Bloomington Transit’s (BT’s) new optimized bus routes will finally debut on Aug. 15 this year.
That’s the result of BT board action at its regular monthly meeting on Tuesday.
The routes were supposed to roll out two years ago, in fall 2020, but that launch date was delayed until this year, due to the COVID-19 pandemic. Some of the new routes to be implemented later this fall will be a lot different from those recommended by BT’s consultant three years ago.
Also getting a mention at Tuesday’s board meeting was the June 27 launch of subsidized rides on Uber or Lyft as a replacement for night service (9 p.m. to midnight) on several BT fixed routes. The board had previously approved the service change. The only question had been the start date.
Under terms of the late-night service, which is branded as “BT Late Night,” passengers pay the usual $1 fare, with the difference, up to $19, paid by BT. Rides have to start and end inside a prescribed area of the city, which does not include chunks of the Indiana University campus, because fixed route bus service will continue for those parts of town.
The Uber/Lyft subsidized service for late evening hours was originally supposed to start on May 9, right after Indiana University’s spring semester ended. But details related to the technology platform took longer than expected to iron out.
Highlights include: the consolidation of Routes 1 South and 7 Express into a single route to be called Route 7; and the merging of Route 3 East, Route 8 Local, Route 9 Campus, and Route 10 Hospital into a single route to be called Route 90.
The Route 90 would operate on a bidirectional loop, with 20-minute frequency each way. The loop would encompass downtown, the Indiana University campus, and some of the east side down to the College Mall area.
Subject to final board approval, those route changes would be implemented in August of this year.
A pilot project that could be rolled out earlier is the replacement of the late-night service on some routes with “microtransit.” That means passengers could take an Uber/Lyft style ride for the standard $1 fare, with the remaining cost, up to $15, to be covered by Bloomington Transit.
At its monthly meeting on Tuesday, the five-member Bloomington Transit board reached a consensus that a consultant should be hired to help the public bus agency develop a five-to-seven-year strategic plan.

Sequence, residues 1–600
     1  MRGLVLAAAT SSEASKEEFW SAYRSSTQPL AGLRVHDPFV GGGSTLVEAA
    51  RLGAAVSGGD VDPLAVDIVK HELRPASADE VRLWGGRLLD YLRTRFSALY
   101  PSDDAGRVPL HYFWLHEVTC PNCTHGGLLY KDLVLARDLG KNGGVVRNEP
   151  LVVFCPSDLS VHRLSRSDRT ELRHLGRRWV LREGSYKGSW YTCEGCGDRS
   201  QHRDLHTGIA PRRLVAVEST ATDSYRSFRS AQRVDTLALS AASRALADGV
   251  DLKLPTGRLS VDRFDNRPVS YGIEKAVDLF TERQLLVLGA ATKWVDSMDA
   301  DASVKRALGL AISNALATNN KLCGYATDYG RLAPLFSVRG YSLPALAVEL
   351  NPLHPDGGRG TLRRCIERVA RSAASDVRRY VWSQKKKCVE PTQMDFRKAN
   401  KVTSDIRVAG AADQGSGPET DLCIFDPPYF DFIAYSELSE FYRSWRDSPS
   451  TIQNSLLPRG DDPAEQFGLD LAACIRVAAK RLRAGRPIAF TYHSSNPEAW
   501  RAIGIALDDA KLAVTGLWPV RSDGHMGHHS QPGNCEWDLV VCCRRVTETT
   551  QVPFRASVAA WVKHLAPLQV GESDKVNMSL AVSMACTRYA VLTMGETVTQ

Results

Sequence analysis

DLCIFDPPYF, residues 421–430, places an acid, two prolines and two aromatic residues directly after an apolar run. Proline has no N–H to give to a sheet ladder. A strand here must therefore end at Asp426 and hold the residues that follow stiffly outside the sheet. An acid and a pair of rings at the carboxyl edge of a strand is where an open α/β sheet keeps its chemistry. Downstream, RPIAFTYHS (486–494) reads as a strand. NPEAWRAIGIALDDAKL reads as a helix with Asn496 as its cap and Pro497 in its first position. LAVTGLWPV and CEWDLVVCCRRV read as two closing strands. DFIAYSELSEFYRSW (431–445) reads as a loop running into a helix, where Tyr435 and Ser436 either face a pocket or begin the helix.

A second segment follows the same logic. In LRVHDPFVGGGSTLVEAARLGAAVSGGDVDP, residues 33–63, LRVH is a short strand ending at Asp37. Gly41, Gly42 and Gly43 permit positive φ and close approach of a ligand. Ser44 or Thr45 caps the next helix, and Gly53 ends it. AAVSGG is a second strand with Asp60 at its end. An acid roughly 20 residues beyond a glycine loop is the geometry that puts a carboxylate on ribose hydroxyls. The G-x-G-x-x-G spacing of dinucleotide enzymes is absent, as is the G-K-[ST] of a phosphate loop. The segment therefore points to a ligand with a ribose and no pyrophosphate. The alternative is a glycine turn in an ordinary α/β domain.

The new strategic plan will incorporate the new reality of diminished ridership, which continues to be impacted by the COVID-19 pandemic. In December 2021, 115,504 rides were given on BT’s fixed-route buses. That’s about twice the number of rides in December 2020. But it’s less than half the number of rides in December 2019.
When he reported out the monthly ridership numbers from December, BT’s planning and special projects manager Zac Hunec told the board: “We’re kind of shifting away from this mode of comparing our statistics to quote unquote, normal times.” Hunec added, “I think we’ve all kind of recognized this is the new normal. When we start looking at statistics, we’ll just be comparing it to the previous year.”
James McLary at the July 2021 Bloomington Transit board meeting.
Nancy Obermeyer at the July 2021 Bloomington Transit board meeting.
Is it possible that someday everyone waiting at a public bus stop in Bloomington could climb aboard without having to pay a fare?
Could Bloomington’s public buses ever follow routes that go outside the city limits, if they serve the interests of Bloomington residents?
Will Indiana University and Bloomington Transit (BT) ever extend their cooperative arrangements to a point where there’s just one public bus system in town?
Those are some of the questions that BT’s new board president James McLary would like to address in a strategic plan that the public transit corporation is developing. McLary spoke about BT’s strategic plan in a late December interview with The B Square.
The strategic plan will have to incorporate the impact of the pandemic on ridership. In November 2021, BT ridership on fixed routes was about half what it was in pre-pandemic times.
Some planned changes to Bloomington Transit’s Route 2 West have now been put in reverse.
The loop that defines much of the route had been proposed to change from clockwise to counterclockwise.
But the most recent version, which was presented to the Bloomington Transit (BT) board as its Tuesday meeting, was clockwise.
Also included in the most recent version of Route 2 West, presented by planning and special projects manager Zac Hunec, was the restoration of closer service to Bloomington Housing Authority’s Crestmont Community.